Meal Prepping Your Next Camping Trip Just Got Easier
This menu will help you plan for a gluten-free camping trip. Whether you have been eating gluten-free your whole life or you just started working towards a better eating plan, deciding what to eat when away from home can be a challenge.
In fact, I used this menu to plan out all my food and just substituted the yogurt for my favorite dairy-free brand. I also pre-chopped the messiest items at home and packed them in a container so there was less waste and work while camping. My family enjoyed the variety and this food ended up being just the right amount.
Even when you start to add other needs from members of your party (dairy-free, nut-free, soy-free), this menu will keep you on track. Remember, all items can be substituted or modified to fit your family’s food tastes. Always pack things you will actually eat (not what you think you should eat). Now, let’s take a look at this camping menu so you can figure out what the heck you should buy while meal prepping for the full week.
Freeze-dried eggs, swiss chard (or other leafy greens to sauté)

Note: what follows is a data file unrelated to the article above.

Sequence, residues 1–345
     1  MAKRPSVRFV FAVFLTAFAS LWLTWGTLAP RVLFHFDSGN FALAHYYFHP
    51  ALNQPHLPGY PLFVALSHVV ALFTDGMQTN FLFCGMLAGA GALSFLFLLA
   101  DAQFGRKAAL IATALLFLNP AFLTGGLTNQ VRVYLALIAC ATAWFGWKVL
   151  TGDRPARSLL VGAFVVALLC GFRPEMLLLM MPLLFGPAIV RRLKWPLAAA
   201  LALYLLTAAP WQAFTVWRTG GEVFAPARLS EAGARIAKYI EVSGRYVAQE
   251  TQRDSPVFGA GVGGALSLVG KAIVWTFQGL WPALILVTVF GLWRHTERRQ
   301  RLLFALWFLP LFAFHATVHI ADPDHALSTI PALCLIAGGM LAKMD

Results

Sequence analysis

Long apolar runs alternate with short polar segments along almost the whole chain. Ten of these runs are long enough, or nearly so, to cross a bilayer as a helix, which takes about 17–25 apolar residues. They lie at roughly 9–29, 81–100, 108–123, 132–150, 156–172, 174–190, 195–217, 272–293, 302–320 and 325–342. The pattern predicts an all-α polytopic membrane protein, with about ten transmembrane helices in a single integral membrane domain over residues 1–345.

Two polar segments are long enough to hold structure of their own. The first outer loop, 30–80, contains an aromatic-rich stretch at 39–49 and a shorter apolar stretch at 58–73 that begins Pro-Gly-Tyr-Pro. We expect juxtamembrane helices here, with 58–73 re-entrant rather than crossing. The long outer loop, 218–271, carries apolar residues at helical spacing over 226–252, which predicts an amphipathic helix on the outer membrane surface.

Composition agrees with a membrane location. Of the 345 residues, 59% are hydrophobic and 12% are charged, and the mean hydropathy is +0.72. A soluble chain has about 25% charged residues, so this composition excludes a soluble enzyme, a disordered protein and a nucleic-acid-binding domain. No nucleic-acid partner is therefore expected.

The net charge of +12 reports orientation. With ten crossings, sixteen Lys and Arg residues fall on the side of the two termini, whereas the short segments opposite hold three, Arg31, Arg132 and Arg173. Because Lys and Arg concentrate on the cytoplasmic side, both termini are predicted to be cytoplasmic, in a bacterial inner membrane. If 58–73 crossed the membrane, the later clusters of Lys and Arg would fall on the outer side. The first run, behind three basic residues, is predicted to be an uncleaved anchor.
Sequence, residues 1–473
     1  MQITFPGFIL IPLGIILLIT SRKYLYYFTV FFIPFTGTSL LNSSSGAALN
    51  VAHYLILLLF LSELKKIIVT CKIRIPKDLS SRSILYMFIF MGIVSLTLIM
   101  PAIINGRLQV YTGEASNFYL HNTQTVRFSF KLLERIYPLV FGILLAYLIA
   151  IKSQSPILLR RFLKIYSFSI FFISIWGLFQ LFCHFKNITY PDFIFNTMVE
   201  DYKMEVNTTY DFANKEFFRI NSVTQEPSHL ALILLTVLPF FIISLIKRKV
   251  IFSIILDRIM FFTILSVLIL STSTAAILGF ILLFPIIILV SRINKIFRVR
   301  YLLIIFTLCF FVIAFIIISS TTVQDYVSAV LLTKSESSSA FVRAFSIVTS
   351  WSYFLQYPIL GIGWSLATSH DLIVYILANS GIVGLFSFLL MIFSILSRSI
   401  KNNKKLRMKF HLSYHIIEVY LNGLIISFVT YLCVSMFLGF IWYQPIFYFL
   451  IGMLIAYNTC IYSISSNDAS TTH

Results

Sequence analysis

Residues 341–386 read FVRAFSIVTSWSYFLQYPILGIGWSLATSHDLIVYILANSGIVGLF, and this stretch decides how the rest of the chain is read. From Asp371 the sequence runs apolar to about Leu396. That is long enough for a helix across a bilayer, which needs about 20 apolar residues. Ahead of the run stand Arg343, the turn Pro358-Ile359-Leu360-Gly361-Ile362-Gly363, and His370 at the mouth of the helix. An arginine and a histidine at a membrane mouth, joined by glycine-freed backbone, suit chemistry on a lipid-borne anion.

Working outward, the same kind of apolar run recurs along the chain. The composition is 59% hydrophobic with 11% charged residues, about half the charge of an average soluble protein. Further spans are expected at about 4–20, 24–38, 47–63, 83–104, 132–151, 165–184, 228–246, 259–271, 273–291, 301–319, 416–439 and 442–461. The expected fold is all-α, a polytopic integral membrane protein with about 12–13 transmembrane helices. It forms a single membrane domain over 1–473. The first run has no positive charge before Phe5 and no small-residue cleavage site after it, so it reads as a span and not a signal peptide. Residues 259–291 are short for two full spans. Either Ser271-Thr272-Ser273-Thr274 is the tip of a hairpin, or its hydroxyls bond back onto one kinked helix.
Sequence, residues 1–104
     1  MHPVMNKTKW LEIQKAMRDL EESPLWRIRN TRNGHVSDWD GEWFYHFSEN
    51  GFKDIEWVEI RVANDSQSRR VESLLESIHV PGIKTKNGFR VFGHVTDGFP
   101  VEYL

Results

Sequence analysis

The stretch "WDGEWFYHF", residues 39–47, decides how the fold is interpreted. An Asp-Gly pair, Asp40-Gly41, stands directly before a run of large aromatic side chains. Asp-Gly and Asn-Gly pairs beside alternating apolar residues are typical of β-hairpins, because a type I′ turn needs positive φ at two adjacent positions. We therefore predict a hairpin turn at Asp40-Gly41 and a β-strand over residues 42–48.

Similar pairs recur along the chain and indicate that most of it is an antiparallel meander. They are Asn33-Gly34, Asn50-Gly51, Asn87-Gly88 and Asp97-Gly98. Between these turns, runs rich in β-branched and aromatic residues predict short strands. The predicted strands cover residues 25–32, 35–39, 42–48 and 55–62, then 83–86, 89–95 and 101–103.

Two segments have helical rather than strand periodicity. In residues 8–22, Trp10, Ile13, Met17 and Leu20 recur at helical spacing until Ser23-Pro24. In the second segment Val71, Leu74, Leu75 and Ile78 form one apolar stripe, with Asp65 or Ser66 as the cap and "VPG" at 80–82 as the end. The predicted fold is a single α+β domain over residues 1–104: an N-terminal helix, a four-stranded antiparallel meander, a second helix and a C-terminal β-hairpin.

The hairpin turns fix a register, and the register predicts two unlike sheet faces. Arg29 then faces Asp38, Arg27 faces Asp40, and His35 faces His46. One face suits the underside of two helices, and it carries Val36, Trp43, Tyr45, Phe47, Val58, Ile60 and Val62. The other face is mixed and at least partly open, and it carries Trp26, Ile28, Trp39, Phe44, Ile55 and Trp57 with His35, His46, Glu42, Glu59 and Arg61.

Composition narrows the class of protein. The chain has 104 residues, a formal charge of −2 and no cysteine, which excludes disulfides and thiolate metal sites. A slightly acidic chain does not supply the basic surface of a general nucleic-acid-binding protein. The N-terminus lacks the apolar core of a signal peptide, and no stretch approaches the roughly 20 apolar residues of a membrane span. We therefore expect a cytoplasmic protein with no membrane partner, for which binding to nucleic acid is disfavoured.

Fruit (grapes, raisins, peaches)
Lettuce, carrots, cucumber (all pre-chopped for convenience or pack a knife and cutting board), dressing (olive oil and vinegar)
Peanut butter, bananas, raspberry jelly, bread
Top your favorite store ready tube with tomatoes, garlic, basil, zucchini, tomatoes, onion, peppers, garlic, mushrooms. A can of sauce will work too!
2. Burrito Bowl
Rice, black beans, spinach, sweet potato cubes, jalapeno, cilantro, a small can of salsa
3. Salmon, quinoa and kale
Salmon in a can/bag, lemon, kale, and quinoa you boil in a bag
Freeze-dried mango sticky rice (optional, we were to full for dessert)
Salt & Pepper
Oil for cooking
This sample gluten-free menu can be used to get you started for your next camping trip. I packed these items when I went camping for a week and kept everything in my certified bear-proof cooler. Feel free to create your own menu using gluten-free meals you already enjoy.
Always remember to follow general rules for outdoor food safety, including bear proof coolers, and put out campfires properly.
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